Austin Macauley 21 October 2014

Welfare fund reaches 100,000 of Scotland’s poorest

Welfare fund reaches 100,000 of Scotland’s poorest image

An initiative set up to provide a safety net for Scotland’s poorest households after the UK Government scrapped the Social Fund has helped more than 100,000 vulnerable people in its first 15 months.

Between April 2013 and June this year the Scottish Welfare Fund (SWF) provided 70,000 crisis grants to low income families and community care grants to 43,000 households to help them live independently.

Latest data shows the average crisis support is £70 and is usually to help with food and heating bills. Some £980,000 was given out for food between April and June, up from £300,000 during the same period last year.

The fund has been administered by councils since its launch last year. Figures show £2m of community care grants were awarded for cookers, washing machines and fridges while £1.8m was for the refit of carpets and flooring. A further £130,000 was granted for clothing and shoes.

Ministers are now pushing ahead with legislation that will put the SWF on a statutory footing so that all local authorities will be required to maintain a fund. Councils will also have the option of running the SWF jointly with other local authorities.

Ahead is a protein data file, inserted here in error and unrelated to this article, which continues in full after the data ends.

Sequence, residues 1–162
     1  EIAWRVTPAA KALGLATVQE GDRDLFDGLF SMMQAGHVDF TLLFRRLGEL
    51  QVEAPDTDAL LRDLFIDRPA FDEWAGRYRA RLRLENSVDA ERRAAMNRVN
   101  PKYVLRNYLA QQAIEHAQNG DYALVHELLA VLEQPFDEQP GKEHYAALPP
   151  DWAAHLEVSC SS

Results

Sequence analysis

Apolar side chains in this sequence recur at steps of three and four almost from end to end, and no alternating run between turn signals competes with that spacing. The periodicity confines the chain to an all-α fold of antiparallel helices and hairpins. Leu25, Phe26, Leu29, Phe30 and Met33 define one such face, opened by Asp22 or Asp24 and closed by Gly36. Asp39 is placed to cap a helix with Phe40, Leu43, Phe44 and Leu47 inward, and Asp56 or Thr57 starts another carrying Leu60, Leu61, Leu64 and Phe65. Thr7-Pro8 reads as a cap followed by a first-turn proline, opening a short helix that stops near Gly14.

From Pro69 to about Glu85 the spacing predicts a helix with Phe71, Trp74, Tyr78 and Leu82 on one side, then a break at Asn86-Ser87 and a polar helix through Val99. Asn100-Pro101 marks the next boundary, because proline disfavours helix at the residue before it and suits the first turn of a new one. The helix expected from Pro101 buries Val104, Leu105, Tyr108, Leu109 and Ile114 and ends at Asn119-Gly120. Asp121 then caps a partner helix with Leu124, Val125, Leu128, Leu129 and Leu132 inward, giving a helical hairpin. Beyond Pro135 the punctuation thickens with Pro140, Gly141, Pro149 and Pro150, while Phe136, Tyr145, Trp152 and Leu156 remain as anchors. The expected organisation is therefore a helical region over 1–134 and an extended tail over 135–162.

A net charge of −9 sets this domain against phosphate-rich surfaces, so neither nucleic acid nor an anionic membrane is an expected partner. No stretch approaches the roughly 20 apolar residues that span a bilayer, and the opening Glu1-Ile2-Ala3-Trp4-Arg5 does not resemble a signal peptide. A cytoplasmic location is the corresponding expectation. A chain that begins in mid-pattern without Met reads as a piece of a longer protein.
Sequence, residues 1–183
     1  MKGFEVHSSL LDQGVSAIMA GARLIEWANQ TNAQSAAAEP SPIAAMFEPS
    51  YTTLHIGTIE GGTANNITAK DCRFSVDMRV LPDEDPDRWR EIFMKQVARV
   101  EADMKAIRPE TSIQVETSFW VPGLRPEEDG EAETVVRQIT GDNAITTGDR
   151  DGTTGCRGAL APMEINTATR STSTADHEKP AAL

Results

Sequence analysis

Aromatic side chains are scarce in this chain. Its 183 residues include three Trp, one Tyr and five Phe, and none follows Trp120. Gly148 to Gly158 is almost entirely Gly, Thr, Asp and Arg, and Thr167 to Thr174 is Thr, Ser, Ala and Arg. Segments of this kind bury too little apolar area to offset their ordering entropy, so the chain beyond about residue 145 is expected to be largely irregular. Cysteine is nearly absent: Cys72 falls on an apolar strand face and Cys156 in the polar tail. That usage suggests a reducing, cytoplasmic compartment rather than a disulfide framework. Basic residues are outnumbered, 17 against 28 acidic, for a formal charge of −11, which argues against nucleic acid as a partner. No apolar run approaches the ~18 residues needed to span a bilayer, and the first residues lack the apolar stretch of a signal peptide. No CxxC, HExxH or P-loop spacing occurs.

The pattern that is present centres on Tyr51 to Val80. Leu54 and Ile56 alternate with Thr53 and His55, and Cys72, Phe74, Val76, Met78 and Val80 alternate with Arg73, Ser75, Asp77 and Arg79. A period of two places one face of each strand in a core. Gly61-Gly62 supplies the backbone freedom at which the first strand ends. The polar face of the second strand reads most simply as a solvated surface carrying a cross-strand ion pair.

Welfare minister Margaret Burgess said: ‘It is heartbreaking to see the impacts of welfare reforms laid bare, with people coming forward and applying for help to buy everything from food to shoes to beds.

‘It is totally unacceptable that in a country as wealthy as Scotland anyone should be living in poverty and unable to afford items that many of us take for granted.

‘These figures show that demand for the Welfare Fund is high and is reaching out to those in the most deprived areas of Scotland. That’s why it is important that we take forward our new Welfare Funds (Scotland) Bill to set out how welfare funds will operate within local authorities to help those most in need.

‘We have already set out in the Scottish Government’s submission to the Smith Commission that we need to have full responsibility over welfare and employment powers. Only full powers over welfare, employment and social policy will help us to tackle poverty and allow Scotland to become a fairer country.’

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